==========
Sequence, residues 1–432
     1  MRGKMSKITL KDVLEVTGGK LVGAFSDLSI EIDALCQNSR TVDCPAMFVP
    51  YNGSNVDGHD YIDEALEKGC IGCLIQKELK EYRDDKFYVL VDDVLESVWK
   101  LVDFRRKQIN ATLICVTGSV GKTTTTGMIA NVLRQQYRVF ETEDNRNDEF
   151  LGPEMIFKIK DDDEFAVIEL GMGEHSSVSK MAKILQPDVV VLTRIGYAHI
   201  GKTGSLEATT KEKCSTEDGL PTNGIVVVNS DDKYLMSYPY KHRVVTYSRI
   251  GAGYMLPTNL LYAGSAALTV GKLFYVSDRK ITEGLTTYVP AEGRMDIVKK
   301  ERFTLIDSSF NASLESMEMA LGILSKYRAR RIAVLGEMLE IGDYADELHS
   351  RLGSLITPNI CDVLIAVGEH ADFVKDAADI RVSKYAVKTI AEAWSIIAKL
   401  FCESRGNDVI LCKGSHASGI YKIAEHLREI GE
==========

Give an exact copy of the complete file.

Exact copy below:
Sequence, residues 1–432
     1  MRGKMSKITL KDVLEVTGGK LVGAFSDLSI EIDALCQNSR TVDCPAMFVP
    51  YNGSNVDGHD YIDEALEKGC IGCLIQKELK EYRDDKFYVL VDDVLESVWK
   101  LVDFRRKQIN ATLICVTGSV GKTTTTGMIA NVLRQQYRVF ETEDNRNDEF
   151  LGPEMIFKIK DDDEFAVIEL GMGEHSSVSK MAKILQPDVV VLTRIGYAHI
   201  GKTGSLEATT KEKCSTEDGL PTNGIVVVNS DDKYLMSYPY KHRVVTYSRI
   251  GAGYMLPTNL LYAGSAALTV GKLFYVSDRK ITEGLTTYVP AEGRMDIVKK
   301  ERFTLIDSSF NASLESMEMA LGILSKYRAR RIAVLGEMLE IGDYADELHS
   351  RLGSLITPNI CDVLIAVGEH ADFVKDAADI RVSKYAVKTI AEAWSIIAKL
   401  FCESRGNDVI LCKGSHASGI YKIAEHLREI GE